Bring the sweet herby aromas of the much revered Bay Leaf to your kitchen. Great in rich meat and tomato dishes like a Bolognese, the slightly bitter but spicy tang of the Bay Leaf has formed an integral part of Eastern cooking for centuries. Now it can part of yours too.
The Bay Leaf has been a part of our relationship with food for as long as anyone can remember. Plucked from the Bay Laurel tree (Laurus nobilis), its leaves - whether dry or fresh - have been used for their fragrant and distinctive aromas by chefs the world over.
And while you could eat them whole if you chose, we tend to enjoy them more as a subtle enhancer of other flavours; allowed to diffuse into dishes over a slow cook; a canvas upon which to paint our meals if you will. Most frequently used to spice up stews, soups, braises and pâtés across Mediterranean cuisine, they are the backbone of a whole range of different delicious culinary choices .
Swanson 100% Certified Organic Bay Leaves are, like most of their kind, dried. The reason this is now considered common practice is because fresh Bay leaves are actually very mild and tend not to develop their full flavours until several weeks after drying. Similar in smell to thyme and oregano, the Bay leaf is also quite commonly used for the essential oil Myrcene, which can be used to make perfume.
Swanson 100% Certified Organic Bay Leaves allows you to keep all those flavours and aromas in your pantry, available for use anytime you want.
The first mistake most people make with Bay Leaves is to assume that they are flavourless. Because they don't consume or overwhelm any dish like a coriander or a rosemary might, lots of us are left wondering just what the point of the Bay Leaf is. A simple way to better understand this misunderstood spice is to add a little to a pan of simmering hot water and allow the flavours to diffuse autonomously.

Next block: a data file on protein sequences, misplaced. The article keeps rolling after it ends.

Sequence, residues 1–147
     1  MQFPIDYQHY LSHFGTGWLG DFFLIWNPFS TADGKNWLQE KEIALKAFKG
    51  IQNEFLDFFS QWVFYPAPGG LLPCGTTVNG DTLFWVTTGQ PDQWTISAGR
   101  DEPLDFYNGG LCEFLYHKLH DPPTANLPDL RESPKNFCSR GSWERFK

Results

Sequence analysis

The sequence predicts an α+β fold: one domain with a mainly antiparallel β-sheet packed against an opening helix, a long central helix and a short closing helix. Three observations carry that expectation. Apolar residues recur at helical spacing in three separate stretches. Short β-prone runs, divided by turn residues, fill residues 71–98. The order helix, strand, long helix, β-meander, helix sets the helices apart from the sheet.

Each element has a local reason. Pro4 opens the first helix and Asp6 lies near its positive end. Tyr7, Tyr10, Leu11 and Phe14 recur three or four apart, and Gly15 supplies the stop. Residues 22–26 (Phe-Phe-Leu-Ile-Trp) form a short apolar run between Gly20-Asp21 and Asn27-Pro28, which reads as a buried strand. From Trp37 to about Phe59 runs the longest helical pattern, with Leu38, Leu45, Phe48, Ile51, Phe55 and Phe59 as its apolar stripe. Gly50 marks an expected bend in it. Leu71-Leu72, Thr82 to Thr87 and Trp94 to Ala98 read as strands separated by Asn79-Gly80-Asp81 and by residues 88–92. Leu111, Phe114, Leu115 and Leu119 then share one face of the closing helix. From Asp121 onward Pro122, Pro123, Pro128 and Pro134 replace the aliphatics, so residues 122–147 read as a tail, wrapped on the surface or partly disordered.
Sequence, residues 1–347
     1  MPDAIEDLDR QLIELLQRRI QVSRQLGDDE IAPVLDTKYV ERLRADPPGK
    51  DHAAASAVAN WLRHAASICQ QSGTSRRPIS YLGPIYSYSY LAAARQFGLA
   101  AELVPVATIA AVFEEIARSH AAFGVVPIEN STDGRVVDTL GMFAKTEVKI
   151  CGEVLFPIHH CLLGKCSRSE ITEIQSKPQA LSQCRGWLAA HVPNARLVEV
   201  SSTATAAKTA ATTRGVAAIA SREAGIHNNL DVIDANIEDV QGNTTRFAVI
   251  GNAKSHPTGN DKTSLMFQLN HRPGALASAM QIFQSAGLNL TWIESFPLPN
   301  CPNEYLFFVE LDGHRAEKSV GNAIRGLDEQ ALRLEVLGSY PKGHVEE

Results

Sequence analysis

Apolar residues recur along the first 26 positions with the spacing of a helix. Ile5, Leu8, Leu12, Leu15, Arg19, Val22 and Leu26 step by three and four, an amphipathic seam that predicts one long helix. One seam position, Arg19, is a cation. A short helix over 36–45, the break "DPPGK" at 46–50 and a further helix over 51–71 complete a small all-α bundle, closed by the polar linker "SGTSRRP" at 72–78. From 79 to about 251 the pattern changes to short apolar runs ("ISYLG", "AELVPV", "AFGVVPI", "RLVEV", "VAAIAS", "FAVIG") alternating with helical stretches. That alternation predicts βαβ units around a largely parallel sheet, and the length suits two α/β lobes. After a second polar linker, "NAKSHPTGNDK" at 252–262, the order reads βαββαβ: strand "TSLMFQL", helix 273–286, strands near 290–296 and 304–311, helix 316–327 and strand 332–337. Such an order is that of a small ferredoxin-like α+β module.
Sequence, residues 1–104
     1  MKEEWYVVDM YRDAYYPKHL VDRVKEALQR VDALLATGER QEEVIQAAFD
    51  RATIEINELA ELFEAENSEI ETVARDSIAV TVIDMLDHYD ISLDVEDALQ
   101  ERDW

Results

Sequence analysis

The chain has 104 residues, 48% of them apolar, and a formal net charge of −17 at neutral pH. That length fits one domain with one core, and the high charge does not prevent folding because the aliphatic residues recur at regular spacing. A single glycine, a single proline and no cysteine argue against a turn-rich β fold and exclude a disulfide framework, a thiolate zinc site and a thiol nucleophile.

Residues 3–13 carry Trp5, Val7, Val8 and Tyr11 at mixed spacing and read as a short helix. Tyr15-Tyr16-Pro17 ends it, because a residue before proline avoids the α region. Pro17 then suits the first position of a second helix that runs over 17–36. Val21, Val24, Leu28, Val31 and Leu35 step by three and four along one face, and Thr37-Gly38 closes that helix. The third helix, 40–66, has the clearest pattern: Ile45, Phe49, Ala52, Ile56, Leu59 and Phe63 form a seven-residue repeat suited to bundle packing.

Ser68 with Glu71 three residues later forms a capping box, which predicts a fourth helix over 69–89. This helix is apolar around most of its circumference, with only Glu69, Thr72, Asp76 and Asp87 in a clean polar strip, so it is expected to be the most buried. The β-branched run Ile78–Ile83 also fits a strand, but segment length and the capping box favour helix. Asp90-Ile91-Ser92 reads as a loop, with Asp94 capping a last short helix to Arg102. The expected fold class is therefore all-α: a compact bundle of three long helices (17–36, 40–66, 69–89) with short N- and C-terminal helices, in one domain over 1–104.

What you should find is that initially, the leaves will give off an almost medicinal smell. Whiffs of menthol and eucalyptus will swim over you as though you had desperately rubbed whem into your chest. That's actually the chemical Eugenol and amongst the 50 odd compounds in a Bay Leaf, it is arguably the most dominant.
If you then allow the leaves to cook for another 45mins to an hour (as long as you might cook a stew or casserole) and you should find those flavours have mellowed and acquiesced to lighter, more complex tea-like notes. And while these will never be the dominant tastes a lot of us crave, they still play an integral role in creating a more overall flavour. Much as a pinch of black pepper might, this seasoning will play wonders with the other constituents for your dish and provide a canvas upon which you can cook any number of meals.
Use at your will. You only need a couple of leaves in any dish. Add to stews, casseroles or bologneses to slow cook so that the flavours can diffuse properly. Remove leaves before eating.Special Precautions
Store in a cool dry place. Suitable for freezing.
Do not take if the outer seal is broken or damaged upon purchase.